wasted time at catch means having to rush forward in order to attain a high rating. Rushing forward means that the change in direction at the catch is sudden and severe and results in a checking or stopping of the boat run
blades go too deep into the water, applying unwanted vertical forces, and inevitably resulting in a dirty and untidy finish which will also slow boat run.
leads to poor legs/body/arms coordination during the drive phase of the stroke with the final result being that the second half of the stroke is taken with the arms only, which results in a weak finish and poor acceleration of the hull.

Fault correction exercises—the catch
1. Catch slap
Description: In a normal stroke after arriving at the catch position lift hands up to put blades in but keep the blades feathered so that they “slap” the water then square and put them in the water.

Purpose: To assist in learning to raise the hands to drop blades into water; to assist timing of the catch in a crew boat; to stop the legs coming on before the catch, i.e. to separate the catch from the leg drive.

2. Roll ups/strikes
Description: Starting at the finish with square blades, extract the blades, feather, and slide up to the catch position making sure that the crew goes through the recovery smoothly and with the correct sequence reaching body over by about half slide. From here they simply keep the seat moving to the front without any extra body swing. The catch is then taken with the hands only and is not followed by the leg drive. Try to make the “gloop” sound as you put the blades in at the catch.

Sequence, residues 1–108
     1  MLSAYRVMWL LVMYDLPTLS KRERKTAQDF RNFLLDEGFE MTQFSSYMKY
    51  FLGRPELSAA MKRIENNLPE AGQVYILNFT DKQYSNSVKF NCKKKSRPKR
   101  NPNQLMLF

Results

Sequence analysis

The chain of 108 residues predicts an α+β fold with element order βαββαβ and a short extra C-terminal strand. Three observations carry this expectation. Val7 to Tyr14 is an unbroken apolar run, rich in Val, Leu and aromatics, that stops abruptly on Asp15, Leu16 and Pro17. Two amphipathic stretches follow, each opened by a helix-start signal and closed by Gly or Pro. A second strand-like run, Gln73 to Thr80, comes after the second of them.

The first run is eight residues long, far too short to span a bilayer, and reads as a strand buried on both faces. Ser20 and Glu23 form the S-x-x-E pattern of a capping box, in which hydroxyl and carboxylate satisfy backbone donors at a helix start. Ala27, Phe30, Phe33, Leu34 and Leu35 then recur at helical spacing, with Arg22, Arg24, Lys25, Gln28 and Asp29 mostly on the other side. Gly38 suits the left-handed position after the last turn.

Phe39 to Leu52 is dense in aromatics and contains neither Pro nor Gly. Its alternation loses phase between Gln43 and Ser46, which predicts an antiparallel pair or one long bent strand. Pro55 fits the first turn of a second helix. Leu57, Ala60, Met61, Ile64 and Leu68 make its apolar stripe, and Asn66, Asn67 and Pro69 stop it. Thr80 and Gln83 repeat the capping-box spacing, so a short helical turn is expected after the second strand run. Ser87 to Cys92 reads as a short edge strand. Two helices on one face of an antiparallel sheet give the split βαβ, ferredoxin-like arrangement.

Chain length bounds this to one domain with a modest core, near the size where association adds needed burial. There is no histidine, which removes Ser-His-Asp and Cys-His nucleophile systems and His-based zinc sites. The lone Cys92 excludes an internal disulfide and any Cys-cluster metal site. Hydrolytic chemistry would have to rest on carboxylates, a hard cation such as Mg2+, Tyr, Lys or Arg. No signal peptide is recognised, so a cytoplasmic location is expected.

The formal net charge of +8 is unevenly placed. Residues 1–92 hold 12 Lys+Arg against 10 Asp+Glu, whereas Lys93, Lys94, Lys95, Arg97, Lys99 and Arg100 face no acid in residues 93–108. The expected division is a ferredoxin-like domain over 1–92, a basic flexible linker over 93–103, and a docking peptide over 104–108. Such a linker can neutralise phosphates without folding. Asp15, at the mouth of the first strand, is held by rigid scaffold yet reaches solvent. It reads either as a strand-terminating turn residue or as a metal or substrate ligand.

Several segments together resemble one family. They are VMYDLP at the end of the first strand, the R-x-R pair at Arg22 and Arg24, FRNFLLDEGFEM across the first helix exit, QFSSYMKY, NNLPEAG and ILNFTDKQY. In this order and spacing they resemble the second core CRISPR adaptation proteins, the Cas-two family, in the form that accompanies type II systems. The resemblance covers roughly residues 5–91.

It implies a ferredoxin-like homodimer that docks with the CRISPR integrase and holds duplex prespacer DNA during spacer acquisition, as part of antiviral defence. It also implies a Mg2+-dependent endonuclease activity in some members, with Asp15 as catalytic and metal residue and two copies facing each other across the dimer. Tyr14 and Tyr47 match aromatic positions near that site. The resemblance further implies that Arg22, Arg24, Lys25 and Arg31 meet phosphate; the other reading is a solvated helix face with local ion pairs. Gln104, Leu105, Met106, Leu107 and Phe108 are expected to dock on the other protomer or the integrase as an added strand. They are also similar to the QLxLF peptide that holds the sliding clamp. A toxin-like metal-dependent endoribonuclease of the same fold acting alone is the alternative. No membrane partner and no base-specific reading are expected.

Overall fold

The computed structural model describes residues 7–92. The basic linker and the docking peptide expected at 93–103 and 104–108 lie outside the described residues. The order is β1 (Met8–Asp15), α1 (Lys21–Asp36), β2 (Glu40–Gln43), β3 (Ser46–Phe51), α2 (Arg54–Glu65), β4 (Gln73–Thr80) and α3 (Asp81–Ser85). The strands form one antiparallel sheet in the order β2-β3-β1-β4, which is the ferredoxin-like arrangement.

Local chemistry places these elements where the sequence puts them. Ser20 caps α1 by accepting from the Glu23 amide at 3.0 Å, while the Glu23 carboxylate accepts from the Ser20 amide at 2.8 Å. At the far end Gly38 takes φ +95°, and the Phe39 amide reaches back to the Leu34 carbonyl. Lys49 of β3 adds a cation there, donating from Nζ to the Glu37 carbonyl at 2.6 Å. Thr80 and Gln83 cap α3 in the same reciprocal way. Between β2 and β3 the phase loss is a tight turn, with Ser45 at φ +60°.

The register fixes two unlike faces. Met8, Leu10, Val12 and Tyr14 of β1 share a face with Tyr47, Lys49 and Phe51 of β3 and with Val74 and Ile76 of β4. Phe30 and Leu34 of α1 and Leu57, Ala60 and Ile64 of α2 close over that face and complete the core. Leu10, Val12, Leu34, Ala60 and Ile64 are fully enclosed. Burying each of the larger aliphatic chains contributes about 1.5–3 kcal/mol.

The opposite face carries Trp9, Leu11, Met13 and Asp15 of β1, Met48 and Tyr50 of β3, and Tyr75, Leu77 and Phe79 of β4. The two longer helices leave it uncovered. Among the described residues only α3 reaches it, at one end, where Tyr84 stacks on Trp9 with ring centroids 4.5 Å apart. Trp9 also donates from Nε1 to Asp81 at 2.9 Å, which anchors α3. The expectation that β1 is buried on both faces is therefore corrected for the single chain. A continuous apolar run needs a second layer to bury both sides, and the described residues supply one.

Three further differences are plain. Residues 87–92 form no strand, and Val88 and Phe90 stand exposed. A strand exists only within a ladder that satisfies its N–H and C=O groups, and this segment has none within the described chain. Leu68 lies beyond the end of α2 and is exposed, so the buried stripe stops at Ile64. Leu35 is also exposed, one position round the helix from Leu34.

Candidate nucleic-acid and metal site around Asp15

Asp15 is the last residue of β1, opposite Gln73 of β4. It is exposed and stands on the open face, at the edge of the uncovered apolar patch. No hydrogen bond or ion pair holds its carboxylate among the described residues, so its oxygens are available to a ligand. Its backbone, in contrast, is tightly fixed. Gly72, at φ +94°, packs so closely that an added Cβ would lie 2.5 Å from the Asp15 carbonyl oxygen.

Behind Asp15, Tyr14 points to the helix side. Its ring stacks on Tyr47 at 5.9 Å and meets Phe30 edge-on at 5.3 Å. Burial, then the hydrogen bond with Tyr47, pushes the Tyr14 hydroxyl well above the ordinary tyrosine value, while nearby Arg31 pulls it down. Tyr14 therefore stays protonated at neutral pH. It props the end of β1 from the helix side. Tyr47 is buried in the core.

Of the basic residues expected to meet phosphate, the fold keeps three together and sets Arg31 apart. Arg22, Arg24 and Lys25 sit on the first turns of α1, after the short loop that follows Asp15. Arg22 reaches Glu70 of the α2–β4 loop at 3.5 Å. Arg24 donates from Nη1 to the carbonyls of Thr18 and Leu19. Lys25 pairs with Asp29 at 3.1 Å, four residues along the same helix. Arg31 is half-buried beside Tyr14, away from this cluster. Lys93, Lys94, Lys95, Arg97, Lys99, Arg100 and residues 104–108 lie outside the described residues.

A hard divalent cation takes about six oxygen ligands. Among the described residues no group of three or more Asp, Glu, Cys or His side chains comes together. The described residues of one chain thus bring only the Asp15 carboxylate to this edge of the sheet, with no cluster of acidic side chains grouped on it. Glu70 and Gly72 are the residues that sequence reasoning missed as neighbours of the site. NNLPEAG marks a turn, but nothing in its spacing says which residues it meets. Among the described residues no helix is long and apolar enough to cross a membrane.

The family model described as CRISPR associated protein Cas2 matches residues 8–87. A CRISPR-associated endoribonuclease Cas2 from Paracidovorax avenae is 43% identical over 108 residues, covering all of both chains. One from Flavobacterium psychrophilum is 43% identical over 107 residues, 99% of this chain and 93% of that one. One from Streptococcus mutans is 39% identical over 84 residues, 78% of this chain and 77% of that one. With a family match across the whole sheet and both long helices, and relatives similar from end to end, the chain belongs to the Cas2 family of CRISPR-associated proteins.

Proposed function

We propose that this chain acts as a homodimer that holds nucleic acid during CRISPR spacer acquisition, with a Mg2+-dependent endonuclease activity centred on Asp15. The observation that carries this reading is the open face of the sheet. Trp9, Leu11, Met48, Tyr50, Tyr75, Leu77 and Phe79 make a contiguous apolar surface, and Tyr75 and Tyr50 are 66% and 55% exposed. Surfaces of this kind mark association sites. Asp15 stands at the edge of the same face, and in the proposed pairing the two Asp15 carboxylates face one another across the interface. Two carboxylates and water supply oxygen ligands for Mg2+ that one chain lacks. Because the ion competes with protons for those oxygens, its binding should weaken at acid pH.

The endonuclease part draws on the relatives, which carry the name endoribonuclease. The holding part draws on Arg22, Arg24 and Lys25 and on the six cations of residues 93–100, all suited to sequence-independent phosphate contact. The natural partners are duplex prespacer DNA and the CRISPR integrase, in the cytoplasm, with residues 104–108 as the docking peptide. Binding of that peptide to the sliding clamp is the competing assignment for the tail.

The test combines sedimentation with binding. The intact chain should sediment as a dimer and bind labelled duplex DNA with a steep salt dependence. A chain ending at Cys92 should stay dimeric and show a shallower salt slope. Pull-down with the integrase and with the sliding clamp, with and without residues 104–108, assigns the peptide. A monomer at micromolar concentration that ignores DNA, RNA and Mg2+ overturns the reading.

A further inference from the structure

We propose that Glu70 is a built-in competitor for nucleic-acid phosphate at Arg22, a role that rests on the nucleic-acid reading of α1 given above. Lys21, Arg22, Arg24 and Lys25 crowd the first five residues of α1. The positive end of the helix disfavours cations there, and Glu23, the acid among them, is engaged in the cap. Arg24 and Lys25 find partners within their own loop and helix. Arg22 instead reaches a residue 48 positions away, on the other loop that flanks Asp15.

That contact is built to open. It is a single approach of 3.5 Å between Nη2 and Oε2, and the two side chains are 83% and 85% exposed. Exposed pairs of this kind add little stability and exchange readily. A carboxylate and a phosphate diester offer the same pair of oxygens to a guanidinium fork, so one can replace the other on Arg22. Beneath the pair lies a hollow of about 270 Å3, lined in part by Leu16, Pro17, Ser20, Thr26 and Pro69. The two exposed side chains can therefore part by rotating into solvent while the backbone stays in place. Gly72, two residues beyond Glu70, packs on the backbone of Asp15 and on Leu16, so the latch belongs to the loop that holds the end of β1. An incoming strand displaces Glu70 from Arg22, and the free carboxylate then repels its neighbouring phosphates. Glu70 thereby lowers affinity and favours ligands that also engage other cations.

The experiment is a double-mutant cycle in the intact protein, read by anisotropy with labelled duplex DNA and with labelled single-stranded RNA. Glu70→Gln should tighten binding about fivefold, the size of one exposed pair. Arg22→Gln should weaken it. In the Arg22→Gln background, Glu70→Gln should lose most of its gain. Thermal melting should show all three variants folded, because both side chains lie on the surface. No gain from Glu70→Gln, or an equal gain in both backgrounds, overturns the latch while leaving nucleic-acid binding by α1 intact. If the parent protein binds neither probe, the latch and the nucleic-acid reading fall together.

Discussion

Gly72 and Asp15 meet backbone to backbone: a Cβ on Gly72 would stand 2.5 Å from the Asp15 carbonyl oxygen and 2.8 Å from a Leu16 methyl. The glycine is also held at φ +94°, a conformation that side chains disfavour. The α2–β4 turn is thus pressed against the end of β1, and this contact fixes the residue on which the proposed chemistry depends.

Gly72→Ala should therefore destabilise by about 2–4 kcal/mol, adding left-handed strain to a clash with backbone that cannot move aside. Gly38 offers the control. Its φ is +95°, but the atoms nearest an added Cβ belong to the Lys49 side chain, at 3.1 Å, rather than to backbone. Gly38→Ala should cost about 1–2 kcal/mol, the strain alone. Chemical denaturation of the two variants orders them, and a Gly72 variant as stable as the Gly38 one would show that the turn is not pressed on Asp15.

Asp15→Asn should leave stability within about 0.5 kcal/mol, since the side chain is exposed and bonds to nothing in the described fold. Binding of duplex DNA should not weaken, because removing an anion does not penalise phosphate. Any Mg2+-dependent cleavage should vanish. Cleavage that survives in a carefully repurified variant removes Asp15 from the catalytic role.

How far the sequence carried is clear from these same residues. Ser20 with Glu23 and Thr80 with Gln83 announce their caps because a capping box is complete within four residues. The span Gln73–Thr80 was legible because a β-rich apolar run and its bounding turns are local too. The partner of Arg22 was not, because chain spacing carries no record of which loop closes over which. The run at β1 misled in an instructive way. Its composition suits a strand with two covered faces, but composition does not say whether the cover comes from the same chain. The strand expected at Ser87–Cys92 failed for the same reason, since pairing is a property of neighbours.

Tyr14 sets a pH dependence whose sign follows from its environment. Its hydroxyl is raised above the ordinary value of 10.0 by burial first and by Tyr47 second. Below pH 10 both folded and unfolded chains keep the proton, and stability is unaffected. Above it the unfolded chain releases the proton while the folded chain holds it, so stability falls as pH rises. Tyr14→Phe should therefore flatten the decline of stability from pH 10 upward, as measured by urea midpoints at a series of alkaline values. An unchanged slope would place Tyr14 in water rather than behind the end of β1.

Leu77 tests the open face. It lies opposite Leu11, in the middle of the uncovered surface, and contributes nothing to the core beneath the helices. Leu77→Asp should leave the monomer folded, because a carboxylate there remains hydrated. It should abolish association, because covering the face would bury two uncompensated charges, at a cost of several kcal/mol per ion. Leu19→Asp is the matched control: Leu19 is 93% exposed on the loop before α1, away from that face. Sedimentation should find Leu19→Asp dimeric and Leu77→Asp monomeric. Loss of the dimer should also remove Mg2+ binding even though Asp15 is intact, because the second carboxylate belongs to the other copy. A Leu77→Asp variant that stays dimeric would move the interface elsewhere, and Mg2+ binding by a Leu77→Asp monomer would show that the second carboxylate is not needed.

Purpose: To slow down the preparation for the catch ensuring the body position is set and stable before taking the catch so that the catch is taken with the hands only; to reinforce the idea that the catch is part of the recovery and is the last thing you do on the way forward rather than the first thing in the drive; to separate the catch from the leg drive (good for correcting crews who get their leg drive on before the blades are in the water).

3. Feet out
Description: Row with the feet out of the shoes.

Purpose: To encourage relaxation and balance on the way forward; to stop the rower racing into the front by pulling themselves forward by the foot stretcher. Racing into the front always leads to a poor catch.